Pottery jar with impressed textile pattern
A tall pottery jar with tapered sides that rise up from a flat base to form wide rounded shoulders and that terminate in a short neck with lipped rim. The jar is decorated with an all over impressed geometric design of tiny crosses within squares. The pottery is burnished to a uniform terracotta colour.
Both the high-level production technique of early Chinese pottery and the flourishing of the textile industry are shown admirably in this impressive earthenware vessel. The pressed or punched decoration (yingtao) shows the use of textiles to decorate vessels that emerged in the late Neolithic period, continuing throughout the Zhou dynasty and after a period of decline, re-emerging towards the end of the Eastern Han period. Vessels with such impressed textile decoration are primarily attributed to Southern China, and were most likely made in Jiangsu, Zhejiang province. A similar jar of closely comparable dimensions and impressed decoration, excavated from a tomb in Jiangsu province, is dated to the Warring States period and in the collection of the Jiangyin City Museum. Another comparable vessel of identical form but with larger proportions is in the collection of the Asian Art Museum of San Francisco where it is dated to the Eastern Zhou dynasty. A much smaller pottery jar with a very similar pattern, dated to the Warring States period, is in the collection of the Palace Museum, Beijing.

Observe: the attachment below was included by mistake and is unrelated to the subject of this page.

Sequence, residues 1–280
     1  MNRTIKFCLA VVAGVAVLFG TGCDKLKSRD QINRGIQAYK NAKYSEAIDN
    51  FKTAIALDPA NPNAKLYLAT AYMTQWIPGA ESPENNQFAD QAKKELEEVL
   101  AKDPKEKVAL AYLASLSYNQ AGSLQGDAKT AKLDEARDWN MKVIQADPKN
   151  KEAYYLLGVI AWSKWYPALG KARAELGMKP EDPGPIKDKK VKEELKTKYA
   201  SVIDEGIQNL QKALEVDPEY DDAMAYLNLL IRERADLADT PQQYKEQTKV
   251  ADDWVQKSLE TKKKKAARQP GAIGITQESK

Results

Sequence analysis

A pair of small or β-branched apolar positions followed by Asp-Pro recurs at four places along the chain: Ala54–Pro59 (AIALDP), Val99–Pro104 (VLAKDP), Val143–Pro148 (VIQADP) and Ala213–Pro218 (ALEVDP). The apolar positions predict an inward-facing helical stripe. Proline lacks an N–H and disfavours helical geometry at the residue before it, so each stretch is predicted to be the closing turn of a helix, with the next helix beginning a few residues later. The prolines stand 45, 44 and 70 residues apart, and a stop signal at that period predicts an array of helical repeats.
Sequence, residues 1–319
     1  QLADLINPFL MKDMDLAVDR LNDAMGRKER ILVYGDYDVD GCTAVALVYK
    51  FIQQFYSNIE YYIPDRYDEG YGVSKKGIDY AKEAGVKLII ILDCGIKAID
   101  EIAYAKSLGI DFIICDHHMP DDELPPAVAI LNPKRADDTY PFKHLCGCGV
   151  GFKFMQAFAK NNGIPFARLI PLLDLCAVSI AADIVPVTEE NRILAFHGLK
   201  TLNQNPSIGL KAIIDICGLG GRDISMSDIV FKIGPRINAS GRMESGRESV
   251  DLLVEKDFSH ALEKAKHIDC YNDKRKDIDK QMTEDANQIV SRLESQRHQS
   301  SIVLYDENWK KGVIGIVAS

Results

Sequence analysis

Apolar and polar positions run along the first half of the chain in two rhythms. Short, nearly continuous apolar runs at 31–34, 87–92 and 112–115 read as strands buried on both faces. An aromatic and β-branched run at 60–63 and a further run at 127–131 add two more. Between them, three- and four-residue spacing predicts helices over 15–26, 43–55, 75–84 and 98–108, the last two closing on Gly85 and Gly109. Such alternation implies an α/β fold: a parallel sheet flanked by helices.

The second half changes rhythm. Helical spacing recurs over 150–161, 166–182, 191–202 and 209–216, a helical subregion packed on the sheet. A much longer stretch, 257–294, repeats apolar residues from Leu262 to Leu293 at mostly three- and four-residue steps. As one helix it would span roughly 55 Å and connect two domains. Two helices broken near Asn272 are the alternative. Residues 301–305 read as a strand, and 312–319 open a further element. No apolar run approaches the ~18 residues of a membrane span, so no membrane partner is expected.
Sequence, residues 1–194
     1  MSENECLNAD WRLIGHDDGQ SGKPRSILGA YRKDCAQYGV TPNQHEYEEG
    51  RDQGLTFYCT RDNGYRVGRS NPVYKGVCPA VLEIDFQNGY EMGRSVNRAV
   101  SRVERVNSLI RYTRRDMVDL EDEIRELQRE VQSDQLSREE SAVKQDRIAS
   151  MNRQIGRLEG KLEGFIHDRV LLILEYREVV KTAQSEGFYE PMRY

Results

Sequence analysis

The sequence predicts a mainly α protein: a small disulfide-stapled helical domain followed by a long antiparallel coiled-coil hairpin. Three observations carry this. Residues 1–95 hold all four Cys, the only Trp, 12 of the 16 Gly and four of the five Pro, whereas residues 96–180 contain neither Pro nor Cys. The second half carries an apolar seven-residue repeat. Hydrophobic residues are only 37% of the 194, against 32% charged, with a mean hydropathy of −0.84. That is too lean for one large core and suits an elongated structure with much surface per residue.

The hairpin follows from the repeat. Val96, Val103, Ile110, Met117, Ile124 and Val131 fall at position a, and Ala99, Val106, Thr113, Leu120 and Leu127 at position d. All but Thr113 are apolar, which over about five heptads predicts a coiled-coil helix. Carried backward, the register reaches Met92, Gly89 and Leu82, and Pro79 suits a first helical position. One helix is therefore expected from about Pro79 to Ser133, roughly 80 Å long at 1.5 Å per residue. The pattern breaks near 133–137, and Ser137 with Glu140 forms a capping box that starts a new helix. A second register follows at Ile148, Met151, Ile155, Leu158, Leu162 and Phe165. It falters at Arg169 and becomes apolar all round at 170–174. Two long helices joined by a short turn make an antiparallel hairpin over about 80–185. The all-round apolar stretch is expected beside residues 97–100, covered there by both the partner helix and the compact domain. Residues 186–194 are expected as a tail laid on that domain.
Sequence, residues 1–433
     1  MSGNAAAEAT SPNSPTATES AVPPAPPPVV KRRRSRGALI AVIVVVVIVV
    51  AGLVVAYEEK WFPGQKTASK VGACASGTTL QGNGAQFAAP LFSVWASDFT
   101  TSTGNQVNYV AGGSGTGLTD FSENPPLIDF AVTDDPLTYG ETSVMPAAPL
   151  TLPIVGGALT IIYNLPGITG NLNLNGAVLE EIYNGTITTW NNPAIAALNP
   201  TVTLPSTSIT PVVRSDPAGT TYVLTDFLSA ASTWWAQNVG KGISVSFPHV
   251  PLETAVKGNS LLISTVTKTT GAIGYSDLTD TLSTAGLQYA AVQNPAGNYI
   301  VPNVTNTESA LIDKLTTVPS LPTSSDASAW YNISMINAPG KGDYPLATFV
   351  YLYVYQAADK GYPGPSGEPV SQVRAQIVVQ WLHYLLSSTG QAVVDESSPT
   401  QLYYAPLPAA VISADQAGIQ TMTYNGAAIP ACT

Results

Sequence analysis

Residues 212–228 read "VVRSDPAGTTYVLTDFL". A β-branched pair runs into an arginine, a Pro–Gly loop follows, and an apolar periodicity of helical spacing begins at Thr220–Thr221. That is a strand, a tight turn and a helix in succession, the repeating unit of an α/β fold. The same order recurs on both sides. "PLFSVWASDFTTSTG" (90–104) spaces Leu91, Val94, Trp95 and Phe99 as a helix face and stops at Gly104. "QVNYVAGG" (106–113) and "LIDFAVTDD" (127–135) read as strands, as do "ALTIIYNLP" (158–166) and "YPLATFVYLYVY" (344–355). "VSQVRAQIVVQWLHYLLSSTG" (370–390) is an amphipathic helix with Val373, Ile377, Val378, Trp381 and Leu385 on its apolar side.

- Watson, W. Pre-Tang Ceramics of China, Faber and Faber, London, 1991, p. 129
- An, Jingkui, Zhongquo Taoci Quanji: The Complete Works of Chinese Ceramics, vol.2: Xia, Shang, Zhou, Spring and Autumn, and Warring States period, Shanghai ren ming chu ban she, Shanghai, 2000, no. 244, p. 220
- Li, He, Chinese Ceramics, The New Standard Guide, The Asian Art Museum of San Francisco, Thames and Hudson, London, 1996, no. 37, p. 67
- The Palace Museum ed. The Imperial Packing Art of the Qing Dynasty, Forbidden City Publishing House, Beijing, 2000, no. 5, p. 76